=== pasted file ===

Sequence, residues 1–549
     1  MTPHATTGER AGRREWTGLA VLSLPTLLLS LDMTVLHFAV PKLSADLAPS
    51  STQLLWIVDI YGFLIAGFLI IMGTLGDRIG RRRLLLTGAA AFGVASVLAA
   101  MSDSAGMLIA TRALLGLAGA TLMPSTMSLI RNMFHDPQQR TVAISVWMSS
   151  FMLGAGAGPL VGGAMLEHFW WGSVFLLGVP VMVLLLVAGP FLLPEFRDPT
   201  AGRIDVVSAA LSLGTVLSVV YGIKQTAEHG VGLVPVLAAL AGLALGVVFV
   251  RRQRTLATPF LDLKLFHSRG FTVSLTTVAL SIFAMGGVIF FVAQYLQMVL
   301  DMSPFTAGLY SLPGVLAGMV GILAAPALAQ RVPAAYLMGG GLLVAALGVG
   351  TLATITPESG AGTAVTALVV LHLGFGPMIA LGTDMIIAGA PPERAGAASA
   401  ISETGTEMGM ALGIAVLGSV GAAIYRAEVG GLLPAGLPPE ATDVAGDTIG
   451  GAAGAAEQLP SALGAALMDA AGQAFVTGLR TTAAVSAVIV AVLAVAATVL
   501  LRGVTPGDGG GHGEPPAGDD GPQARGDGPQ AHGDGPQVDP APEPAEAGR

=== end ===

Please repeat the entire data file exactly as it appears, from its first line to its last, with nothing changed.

Sequence, residues 1–549
     1  MTPHATTGER AGRREWTGLA VLSLPTLLLS LDMTVLHFAV PKLSADLAPS
    51  STQLLWIVDI YGFLIAGFLI IMGTLGDRIG RRRLLLTGAA AFGVASVLAA
   101  MSDSAGMLIA TRALLGLAGA TLMPSTMSLI RNMFHDPQQR TVAISVWMSS
   151  FMLGAGAGPL VGGAMLEHFW WGSVFLLGVP VMVLLLVAGP FLLPEFRDPT
   201  AGRIDVVSAA LSLGTVLSVV YGIKQTAEHG VGLVPVLAAL AGLALGVVFV
   251  RRQRTLATPF LDLKLFHSRG FTVSLTTVAL SIFAMGGVIF FVAQYLQMVL
   301  DMSPFTAGLY SLPGVLAGMV GILAAPALAQ RVPAAYLMGG GLLVAALGVG
   351  TLATITPESG AGTAVTALVV LHLGFGPMIA LGTDMIIAGA PPERAGAASA
   401  ISETGTEMGM ALGIAVLGSV GAAIYRAEVG GLLPAGLPPE ATDVAGDTIG
   451  GAAGAAEQLP SALGAALMDA AGQAFVTGLR TTAAVSAVIV AVLAVAATVL
   501  LRGVTPGDGG GHGEPPAGDD GPQARGDGPQ AHGDGPQVDP APEPAEAGR